Anyone who’s struggled to get their point across in a foreign language they haven’t mastered knows the benefit of enlisting the full contents of the human communication toolbox: waving your arms, imploring with your eyes, describing the word you lack with an assembly of the words you have, even throwing in a little English when nothing else comes to mind is all part of the repertoire. It’s clunky, but our flexible human minds bridge the gap between the ideal words and meaning. The Mandarin Project – a reboot of an initiative launched in 2012 to combine narrative, game design, and augmented and virtual reality to teach Chinese — is the latest manifestation of CISL, which is dedicated to pioneering immersive and cognitive systems as an aid to collaborative problem-solving.
Yalun Zhou, who is aiding CISL in the project, said that for the students, the Mandarin Project represents a unique experience in academia.
The Chinese language learning experience that Studio 2 provides to RPI students is a one-of-a-kind educational experience that their counterparts in other universities cannot match… The ultimate goal of learning a foreign language is to use the target language to communicate with people of that language in a grammatically correct and culturally appropriate way. Research has shown that task-based, communicative language practices lead to the best results for that purpose. The immersive restaurant at Studio 2 provides a near real-life environment for RPI students to practice and test their abilities to complete a communicative task, i.e., ordering Chinese food with the AI waiter whose speech is generated from native speaker accents. This is an invaluable opportunity for the students who are unable to practice speaking with native speakers outside of the classroom.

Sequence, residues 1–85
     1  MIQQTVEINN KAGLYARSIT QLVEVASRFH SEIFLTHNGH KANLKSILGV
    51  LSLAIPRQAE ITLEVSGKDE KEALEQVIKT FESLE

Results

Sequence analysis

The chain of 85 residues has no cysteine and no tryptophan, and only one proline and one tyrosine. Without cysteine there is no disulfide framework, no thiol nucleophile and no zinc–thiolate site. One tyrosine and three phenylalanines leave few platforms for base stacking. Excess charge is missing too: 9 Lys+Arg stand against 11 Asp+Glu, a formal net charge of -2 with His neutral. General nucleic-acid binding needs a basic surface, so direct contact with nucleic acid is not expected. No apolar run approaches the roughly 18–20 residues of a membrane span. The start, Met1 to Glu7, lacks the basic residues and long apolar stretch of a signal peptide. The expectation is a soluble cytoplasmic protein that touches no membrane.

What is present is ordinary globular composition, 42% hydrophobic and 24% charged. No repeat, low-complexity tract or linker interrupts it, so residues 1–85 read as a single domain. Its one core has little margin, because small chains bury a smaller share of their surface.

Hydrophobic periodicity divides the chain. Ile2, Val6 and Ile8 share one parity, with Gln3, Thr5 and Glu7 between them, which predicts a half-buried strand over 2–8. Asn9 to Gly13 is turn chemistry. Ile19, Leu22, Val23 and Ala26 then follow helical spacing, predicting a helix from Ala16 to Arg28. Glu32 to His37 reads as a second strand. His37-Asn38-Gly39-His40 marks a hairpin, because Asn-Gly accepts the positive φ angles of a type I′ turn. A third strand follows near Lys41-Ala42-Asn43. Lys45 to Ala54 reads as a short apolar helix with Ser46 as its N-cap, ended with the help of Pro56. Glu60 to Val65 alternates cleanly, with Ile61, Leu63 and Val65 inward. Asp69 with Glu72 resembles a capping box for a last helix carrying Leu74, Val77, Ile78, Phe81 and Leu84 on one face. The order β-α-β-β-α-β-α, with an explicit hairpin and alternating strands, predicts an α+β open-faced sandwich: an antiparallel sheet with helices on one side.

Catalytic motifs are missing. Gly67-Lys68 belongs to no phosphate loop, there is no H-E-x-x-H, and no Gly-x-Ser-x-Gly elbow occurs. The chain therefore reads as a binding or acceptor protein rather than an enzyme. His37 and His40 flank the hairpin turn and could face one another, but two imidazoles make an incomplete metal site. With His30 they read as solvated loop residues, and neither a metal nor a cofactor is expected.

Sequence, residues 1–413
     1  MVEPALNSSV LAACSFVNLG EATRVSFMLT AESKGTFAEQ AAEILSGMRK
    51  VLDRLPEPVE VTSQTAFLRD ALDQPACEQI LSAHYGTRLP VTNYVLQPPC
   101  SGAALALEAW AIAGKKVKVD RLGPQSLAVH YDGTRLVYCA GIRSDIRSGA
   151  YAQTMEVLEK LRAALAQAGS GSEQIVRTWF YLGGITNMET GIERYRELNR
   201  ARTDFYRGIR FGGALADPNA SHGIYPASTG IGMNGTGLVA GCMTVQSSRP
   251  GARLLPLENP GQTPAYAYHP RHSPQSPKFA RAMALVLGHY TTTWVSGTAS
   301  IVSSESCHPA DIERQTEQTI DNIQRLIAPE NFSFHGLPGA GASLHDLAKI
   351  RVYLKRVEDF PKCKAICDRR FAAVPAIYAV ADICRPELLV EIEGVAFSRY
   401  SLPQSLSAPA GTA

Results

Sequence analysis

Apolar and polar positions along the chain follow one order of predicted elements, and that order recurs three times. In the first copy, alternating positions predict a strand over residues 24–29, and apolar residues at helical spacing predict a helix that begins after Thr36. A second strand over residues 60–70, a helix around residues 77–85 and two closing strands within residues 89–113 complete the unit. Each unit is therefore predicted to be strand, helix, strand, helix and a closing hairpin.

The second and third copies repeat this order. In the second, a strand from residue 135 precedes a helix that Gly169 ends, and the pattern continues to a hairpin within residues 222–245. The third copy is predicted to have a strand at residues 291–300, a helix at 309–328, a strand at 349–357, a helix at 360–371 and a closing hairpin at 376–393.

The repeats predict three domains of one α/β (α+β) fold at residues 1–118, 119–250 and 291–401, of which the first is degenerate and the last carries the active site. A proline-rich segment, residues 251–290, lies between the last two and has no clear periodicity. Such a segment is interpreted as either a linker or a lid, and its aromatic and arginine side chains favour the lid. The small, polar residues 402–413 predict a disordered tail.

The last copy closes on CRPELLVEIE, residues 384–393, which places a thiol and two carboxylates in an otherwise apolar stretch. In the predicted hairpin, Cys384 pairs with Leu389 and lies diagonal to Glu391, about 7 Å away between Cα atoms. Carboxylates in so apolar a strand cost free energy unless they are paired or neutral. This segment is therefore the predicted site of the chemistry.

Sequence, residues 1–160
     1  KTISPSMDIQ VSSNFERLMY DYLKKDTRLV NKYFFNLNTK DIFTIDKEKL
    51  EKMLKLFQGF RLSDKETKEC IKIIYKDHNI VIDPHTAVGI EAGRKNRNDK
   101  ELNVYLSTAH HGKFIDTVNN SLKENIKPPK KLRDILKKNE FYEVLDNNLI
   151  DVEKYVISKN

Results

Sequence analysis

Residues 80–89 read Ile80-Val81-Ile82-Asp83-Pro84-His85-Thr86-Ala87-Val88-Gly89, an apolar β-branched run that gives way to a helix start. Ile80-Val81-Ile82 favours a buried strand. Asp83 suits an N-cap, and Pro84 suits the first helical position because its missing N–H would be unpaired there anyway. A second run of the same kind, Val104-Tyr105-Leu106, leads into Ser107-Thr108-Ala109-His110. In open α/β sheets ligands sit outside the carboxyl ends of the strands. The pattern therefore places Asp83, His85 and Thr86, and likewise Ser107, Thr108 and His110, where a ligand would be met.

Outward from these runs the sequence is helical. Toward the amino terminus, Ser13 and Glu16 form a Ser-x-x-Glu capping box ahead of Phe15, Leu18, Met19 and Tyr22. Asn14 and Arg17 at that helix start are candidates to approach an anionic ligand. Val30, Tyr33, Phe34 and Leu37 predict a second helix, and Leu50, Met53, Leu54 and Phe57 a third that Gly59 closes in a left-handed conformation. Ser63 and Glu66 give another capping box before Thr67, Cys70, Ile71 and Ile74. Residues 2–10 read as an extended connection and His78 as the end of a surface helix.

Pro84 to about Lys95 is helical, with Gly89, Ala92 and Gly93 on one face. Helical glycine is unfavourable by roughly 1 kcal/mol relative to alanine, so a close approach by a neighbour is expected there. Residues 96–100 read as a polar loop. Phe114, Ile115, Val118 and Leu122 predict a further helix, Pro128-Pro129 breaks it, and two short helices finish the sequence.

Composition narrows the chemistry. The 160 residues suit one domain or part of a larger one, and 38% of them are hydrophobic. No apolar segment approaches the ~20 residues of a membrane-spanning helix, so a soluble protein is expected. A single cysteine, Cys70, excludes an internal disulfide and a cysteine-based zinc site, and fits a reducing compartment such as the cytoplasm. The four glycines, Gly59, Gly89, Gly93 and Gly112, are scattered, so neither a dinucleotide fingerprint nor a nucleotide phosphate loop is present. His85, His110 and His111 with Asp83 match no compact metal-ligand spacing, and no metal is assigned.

Rahul Divekar, a Rensselaer computer science graduate student, demonstrates an AI-assisted Mandarin Chinese language learning aid under development at the Cognitive and Immersive Systems Laboratory (CISL). Divekar, himself a novice Chinese language learner, enters the cognitive and immersive restaurant environment CISL is building in the Curtis R. Priem Experimental Media and Performing Arts Center and holds a conversation in non-native Chinese with a Chinese language “waiter,” asking for a table for two, ordering a drink, and explaining the system along the way.